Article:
Musicologist Winton Dean long regarded Don José was actually the central figure for the opera; he said “It is his fate rather than Carmen’s that interests us”. For me, he needs to be charming and naïve in the beginning, as his descent into obsessed sexual being that leads into his destruction isthe core of the opera. Unfortunately, Zambello staged Don José as a passive and rather creepy introvert right from the start, so much so that Carmen’s seductions felt passionless and one-sided.

The rather static set (by Deni Sayers, who also served as Movement Director) was slightly rearranged for the subsequent acts; the biggest casualty was Act 3, where the set poorly suggested a smugglers’ hangout up in the mountain. Interestingly, the procession of the bullfighters in Act 4 ended with gigantic statue of the Virgin Mary, as if anticipating similar procession in Cavalleria Rusticana!

The production did have some great moments though. I particularly loved how Zambello staged Micaëla witnessing the tragic end from high above; it truly made a heartbreaking moment – a pure stroke of genius!

Among the singers, the star of the night was undoubtedly Romanian soprano Anita Hartig who made house debut as Micaëla. Hartig fully embodied the only “pure” character in the opera body and soul with her crystal-clear voice. She shone particularly bright during her Act three aria “Je dis, que rien ne m’épouvante”. In this “prayer for strength”, marked by beautiful pianissimi, she showed how determined she was to overcome her fears to be with the one she loved. The audience fully embraced it and rewarded her with long applause!

J’Nai Bridges and Matthew Polenzani made role debuts as Carmen and Don José with this performance. Without much help from the direction, Bridges tried hard to find her distinctive voice, but her sound got grainier and she blended more with the chorus as the night progressed. Polenzani fared better, but his unsympathetic José found little support from the audience. He did however sing the “Flower Song” wonderfully.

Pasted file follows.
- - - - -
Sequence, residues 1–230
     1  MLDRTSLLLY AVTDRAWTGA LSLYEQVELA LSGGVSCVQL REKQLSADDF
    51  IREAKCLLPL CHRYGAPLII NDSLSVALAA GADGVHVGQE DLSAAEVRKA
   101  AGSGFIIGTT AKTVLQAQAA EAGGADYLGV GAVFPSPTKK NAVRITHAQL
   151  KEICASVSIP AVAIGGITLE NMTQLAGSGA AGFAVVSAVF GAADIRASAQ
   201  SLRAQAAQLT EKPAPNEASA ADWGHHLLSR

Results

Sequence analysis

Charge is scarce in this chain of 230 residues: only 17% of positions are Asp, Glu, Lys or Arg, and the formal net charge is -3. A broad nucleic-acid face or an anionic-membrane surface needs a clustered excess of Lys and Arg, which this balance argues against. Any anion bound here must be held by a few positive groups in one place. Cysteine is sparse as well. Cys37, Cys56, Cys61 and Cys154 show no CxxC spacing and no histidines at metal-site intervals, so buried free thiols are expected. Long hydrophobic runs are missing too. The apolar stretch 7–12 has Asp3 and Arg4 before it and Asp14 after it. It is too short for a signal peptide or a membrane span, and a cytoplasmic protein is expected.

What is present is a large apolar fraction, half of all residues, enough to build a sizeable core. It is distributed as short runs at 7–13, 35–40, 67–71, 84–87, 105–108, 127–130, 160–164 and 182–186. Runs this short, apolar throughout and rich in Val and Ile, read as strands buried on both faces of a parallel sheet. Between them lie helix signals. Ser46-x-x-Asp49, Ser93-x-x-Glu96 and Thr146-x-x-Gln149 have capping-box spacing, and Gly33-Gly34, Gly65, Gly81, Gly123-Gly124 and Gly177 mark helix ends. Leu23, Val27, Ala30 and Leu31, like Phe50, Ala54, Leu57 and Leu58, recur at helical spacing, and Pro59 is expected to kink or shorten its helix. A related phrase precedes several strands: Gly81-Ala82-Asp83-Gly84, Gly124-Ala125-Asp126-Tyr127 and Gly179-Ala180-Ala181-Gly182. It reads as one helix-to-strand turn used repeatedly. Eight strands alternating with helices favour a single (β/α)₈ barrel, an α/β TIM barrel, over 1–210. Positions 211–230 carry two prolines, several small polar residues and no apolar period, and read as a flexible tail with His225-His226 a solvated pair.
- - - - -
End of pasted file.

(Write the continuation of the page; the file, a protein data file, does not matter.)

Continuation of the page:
It pained me to report that Kyle Ketelsen, who was immensely impressive as Golaud at The Met’s Pelléas et Mélisande a couple of months ago, made a suave but underwhelming turn as Escamillo. He at times got drown by the orchestra and chorus, most notably during his big number “Votre toast”. He did make a such a grand entrance, singing on top of a horse.

The comprimario roles were handled quite impressively; from David Leigh’s authoritative Zuniga to the Adler Fellows (first-years Seok Jong Baek as Moralès, Christopher Oglesby as smuggler El Dancairo, Zhengyi Bai as El Remendado, and second-years Natalie Image as Frasquita and Ashley Dixon as Mercédès).

Conductor Gaffigan, in his SF Opera performance debut (he did conduct Adler Fellows concert before), brought a lot of flair and excitement to the score. He highlighted the many Spanish elements of Bizet’s music, and he particularly excelled in the many orchestral preludes of the opera. Unfortunately, the Chorus sounded less coherent than normal that night.

All in all, this was a rather frustrating night at the Opera. Let’s hope that the pendulum will swing towards the middle the next time SF Opera is presenting Carmen!

Photos: Cory Weaver